Paying to avoid ads is paying to avoid tracking

    This article is the standard way of reporting Meta’s announcement that, to comply with a new EU ruling, they will allow users to pay not to be shown adverts. It’s likely that only privacy-minded and better-off people are likely to do so, given the size of the charge.

    What isn’t mentioned in this type of article, but which TechCrunch helpfully notes, is that the issue is really about tracking. By introducing a charge, Meta hopes that they can gain legitimate consent for users to be tracked so as to avoid a monthly fee.

    X, formerly Twitter, is also trialling a monthly subscription. Of course, if you’re going to pay for your social media, why not set up your own Fediverse instance, or donate to a friendly admin who runs it for you. I do the latter with

    Icon that looks like the Meta logo
    Meta is responding to "evolving European regulations" by introducing a premium subscription option for Facebook and Instagram from Nov. 1.

    Anyone over the age of 18 who resides in the European Union (EU), European Economic Area (EEA), or Switzerland will be able to pay a monthly subscription in order to stop seeing ads. Meta states that “while people are subscribed, their information will not be used for ads.”


    Subscribing via the web costs around $10.50 per month, but subscribing on an Android or iOS device pushes the cost up to almost $14 per month. The difference in price is down to the commission Apple and Google charge for in-app payments.

    The monthly charge covers all linked accounts in a user’s Accounts Center. However, that only applies until March 1 next year. After that, an extra $6 per month will be payable for each additional account listed in a user’s Accounts Center. That extra charge increases to $8.50 per month on Android and iOS.

    Source: Meta Introduces Ad-Free Subscription for Facebook, Instagram | PC Magazine

    Image: Unsplash

    AI, domination, and moral character

    I don’t know enough on a technical level to know whether this is true or false, but it’s interesting from an ethical point of view. Meta’s chief AI scientist believes that intelligence is unrelated to a desire to dominate others, which seems reasonable.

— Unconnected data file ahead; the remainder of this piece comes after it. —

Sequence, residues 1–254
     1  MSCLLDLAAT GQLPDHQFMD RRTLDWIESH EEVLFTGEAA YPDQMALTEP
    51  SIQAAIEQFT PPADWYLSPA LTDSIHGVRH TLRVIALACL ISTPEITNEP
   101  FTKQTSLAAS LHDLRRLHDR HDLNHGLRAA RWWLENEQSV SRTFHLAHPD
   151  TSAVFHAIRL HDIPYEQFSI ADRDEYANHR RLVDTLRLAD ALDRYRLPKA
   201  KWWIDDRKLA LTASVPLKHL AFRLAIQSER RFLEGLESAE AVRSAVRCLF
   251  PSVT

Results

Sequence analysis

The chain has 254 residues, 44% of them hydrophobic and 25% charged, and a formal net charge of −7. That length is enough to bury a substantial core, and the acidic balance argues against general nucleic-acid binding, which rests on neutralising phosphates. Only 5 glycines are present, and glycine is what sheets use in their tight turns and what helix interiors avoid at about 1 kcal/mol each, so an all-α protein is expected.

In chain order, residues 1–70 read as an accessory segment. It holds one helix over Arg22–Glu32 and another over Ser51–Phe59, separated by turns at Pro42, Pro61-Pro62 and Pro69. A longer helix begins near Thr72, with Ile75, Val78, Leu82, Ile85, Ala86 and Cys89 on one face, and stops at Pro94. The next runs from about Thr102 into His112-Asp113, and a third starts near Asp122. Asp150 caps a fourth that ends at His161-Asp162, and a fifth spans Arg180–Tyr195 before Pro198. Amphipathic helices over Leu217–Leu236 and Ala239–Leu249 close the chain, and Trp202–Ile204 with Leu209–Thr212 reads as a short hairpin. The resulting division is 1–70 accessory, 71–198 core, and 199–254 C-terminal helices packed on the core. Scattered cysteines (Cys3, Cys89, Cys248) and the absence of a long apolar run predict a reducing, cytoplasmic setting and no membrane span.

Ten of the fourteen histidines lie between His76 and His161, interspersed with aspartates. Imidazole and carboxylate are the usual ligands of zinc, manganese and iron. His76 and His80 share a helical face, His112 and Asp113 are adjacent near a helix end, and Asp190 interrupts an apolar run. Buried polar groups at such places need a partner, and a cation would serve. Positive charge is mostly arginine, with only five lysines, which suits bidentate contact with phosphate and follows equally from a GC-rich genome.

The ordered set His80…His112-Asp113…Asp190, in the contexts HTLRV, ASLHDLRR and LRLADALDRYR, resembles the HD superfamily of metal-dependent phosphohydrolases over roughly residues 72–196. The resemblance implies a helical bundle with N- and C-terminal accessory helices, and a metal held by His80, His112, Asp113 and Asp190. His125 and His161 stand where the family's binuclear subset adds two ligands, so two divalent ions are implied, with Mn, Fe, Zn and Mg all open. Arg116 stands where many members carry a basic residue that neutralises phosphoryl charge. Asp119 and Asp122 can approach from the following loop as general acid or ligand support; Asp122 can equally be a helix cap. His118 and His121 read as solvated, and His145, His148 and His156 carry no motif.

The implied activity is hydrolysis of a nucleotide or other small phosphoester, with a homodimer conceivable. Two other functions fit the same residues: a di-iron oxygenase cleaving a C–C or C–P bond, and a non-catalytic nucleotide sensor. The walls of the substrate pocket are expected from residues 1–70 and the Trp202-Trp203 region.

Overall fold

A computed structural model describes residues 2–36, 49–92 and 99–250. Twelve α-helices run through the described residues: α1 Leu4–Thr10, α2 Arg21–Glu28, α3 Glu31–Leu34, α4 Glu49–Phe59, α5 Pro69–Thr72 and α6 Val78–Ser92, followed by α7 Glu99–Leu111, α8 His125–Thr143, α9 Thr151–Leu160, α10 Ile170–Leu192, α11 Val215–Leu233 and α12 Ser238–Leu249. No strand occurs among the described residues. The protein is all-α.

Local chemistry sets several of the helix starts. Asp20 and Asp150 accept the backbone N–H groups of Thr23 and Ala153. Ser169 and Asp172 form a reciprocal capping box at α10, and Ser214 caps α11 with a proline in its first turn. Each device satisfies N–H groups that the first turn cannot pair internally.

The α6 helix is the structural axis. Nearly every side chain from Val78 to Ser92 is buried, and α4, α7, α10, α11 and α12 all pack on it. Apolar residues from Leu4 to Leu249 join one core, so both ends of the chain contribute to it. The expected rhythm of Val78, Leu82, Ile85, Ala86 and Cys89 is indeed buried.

He then extrapolates this to AI, pointing out that not only are we a long way off from a situation of genuine existential risk, but that such systems could be encoded with ‘moral character’.

    I think that the latter point about moral character is laughable, given how quickly and easily people have managed to get around the safeguards of various language models. See the recent Thought Shrapnel posts on stealing ducks from a park, or how 2024 is going to be a wild ride of AI-generated content.

    Fears that AI could wipe out the human race are "preposterous" and based more on science fiction than reality, Meta's chief AI scientist has said.

    Yann LeCun told the Financial Times that people had been conditioned by science fiction films like “The Terminator” to think that superintelligent AI poses a threat to humanity, when in reality there is no reason why intelligent machines would even try to compete with humans.

    “Intelligence has nothing to do with a desire to dominate. It’s not even true for humans,” he said.

    “If it were true that the smartest humans wanted to dominate others, then Albert Einstein and other scientists would have been both rich and powerful, and they were neither,” he added.

    Source: Fears of AI Dominance Are ‘Preposterous,’ Meta Scientist Says | Insider

    Meta may really be exiting Europe as soon as this year

    Well, we can but hope. The backlash from Instagram-obsessed people would be too much for politicians to bear, however…

    Meta has—as it must—warned its investors that it’s in deep trouble in Europe. It’s neither a threat nor a bluff, but rather a statement of fact: without a successor to the U.S.-EU Privacy Shield deal, which the EU’s top court nuked a couple of years back, Facebook and Instagram will be forced to pack up and abandon the European market.

    Indeed, this uncomfortable reality was made clearer last month, when Ireland’s privacy regulator submitted a draft decision to its EU peers that would ban Facebook and Insta from transferring Europeans’ personal data to the U.S., because there is no longer any legal basis for these transfers to continue.


    I find it astonishing that even Facebook’s critics, let alone the markets, haven’t glommed onto the reality of the situation. I suspect the culprit is a deep-seated notion that Mark Zuckerberg’s all-powerful company can somehow fix this by modifying its legendarily bad privacy behavior—as though it had some brilliant solution hidden up its sleeve, just waiting until the last possible second before pulling it out.

    Source: Even Meta’s critics don’t grasp how likely it is that Facebook and Instagram will soon have to exit Europe | Fortune

    Image: created using Midjourney